WESTBOROUGH, MA April 21, 2017  There has been a great deal of research published recently about the cumulative impact of concussion.  Every athlete who experiences a concussion has a unique trajectory toward recovery.  It is well-known that athlete’s who experience  a second or third concussion may be at risk for long-term cognitive symptoms unless they rest until the symptoms are fully resolved. It is now expected that each recovery is different and should be tailored for the presenting symptom profile and the athlete’s medical history. A combination of rest and controlled exertion seems to work best for recovery.  Balance and vestibular changes from concussion require physical therapy in the days after injury. We offer these services at Whittier Rehabilitation Hospital. In cases of second or third concussion the recovery can be very different and often prolonged.
There are dozens of You Tube videos that I have posted in these pages illustrating the brain as it becomes concussed. On my first website nearly 20 years ago I purchased a .gif program to illustrate the movement of the brain during a concussion – like the one below.  It cost me nearly $100 to download and post on my website.  Now they are available free of cost and easily posted to social media.
A concussion is a traumatic brain injury resulting from force causing energy to pass through the brain resulting in the brain shaking within the skull.  A study published in January 2016 in the Journal of Pediatrics suggests that preadolescent boys are at higher risk of concussion when playing on varsity ice hockey teams.  The study at Hasbro Children’s Hospital in Providence, RI also suggested that girls playing ice hockey who are heavier may be at greater risk for concussion.  On average, the preadolescent boys in the study took 54 days to become symptom free.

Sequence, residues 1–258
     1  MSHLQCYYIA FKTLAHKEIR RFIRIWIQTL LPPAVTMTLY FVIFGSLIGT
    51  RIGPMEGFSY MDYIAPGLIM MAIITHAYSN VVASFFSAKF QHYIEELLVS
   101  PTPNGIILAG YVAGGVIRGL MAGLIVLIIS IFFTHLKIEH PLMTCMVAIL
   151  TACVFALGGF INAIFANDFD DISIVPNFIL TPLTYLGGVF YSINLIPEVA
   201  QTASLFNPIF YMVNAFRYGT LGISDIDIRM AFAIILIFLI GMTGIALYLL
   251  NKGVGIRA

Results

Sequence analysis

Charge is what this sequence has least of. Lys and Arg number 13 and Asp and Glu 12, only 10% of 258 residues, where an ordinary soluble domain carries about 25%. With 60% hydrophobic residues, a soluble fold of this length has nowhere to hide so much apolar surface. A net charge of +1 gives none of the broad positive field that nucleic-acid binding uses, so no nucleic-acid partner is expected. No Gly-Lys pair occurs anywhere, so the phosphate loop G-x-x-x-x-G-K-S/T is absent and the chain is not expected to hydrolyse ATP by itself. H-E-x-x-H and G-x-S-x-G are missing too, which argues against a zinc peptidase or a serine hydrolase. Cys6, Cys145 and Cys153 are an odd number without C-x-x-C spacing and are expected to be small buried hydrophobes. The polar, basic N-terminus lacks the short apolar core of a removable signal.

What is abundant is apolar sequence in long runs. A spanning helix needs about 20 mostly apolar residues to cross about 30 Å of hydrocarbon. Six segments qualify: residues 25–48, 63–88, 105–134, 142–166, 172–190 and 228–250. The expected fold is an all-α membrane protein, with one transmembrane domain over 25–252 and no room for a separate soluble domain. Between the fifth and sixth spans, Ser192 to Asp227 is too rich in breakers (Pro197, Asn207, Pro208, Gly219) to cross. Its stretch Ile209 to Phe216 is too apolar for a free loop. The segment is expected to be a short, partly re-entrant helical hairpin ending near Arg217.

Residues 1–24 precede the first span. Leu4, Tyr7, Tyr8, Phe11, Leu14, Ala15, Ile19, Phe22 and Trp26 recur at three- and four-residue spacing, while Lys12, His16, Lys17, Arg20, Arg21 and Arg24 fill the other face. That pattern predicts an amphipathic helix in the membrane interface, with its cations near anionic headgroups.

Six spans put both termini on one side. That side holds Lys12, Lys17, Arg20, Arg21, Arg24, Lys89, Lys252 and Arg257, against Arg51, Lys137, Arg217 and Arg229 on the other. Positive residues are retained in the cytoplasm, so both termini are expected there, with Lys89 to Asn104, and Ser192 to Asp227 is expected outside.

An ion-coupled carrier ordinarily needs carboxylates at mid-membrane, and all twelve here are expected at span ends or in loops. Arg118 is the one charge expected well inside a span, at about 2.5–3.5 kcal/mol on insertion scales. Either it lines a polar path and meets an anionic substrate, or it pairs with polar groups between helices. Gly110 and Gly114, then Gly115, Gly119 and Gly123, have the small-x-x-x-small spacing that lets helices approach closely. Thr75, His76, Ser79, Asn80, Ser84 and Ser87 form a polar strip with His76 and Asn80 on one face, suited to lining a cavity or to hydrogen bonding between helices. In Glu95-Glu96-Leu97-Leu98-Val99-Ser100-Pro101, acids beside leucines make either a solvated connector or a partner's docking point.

Here is a link to another very useful video produced by a Canadian physician Dr. Mike Evans. I often have families watch this 10 minute video before initiating our conversation.  The point is that the brain is seriously impacted by energy pulsating through the skull from whatever cause.  I have seen several snow boarders this winter. Spring sports usually see an uptick of concussions in lacrosse and girl’s softball.  Concussion can be expected to effect all cognitive functioning including concentration, speed of mental processing, problem solving, memory, and behavior.

Brain, Concussion and Stress: Health effects and post-concussion syndrome

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Amygdala highlighted is over active when stress exists and raises the body’s threat level as shown in this BBC graphic
WESTBOROUGH, MA January 15, 2107 The human cost of stress has been well-studied and the effects of stress are a well-known cause of cardiovascular illness including heart attack and stoke.  It is now known that the brain plays a big role in all of this. The human stress response elevates heart functioning – especially blood pressure and normal heart rhythms in unhealthy ways.  Stress activates the amygdala in the brain by tricking it – as if some great threat exists.  People believe that the body’s autonomic nervous system can be thrown off after a concussion slowly becoming irregular resulting from an abnormal stress response. There is a deactivation of inhibitory neurons in the brain resulting in greater sympathetic activity. This involves progressive relaxation and guided imagery that can slowly lower the tension felt in the body.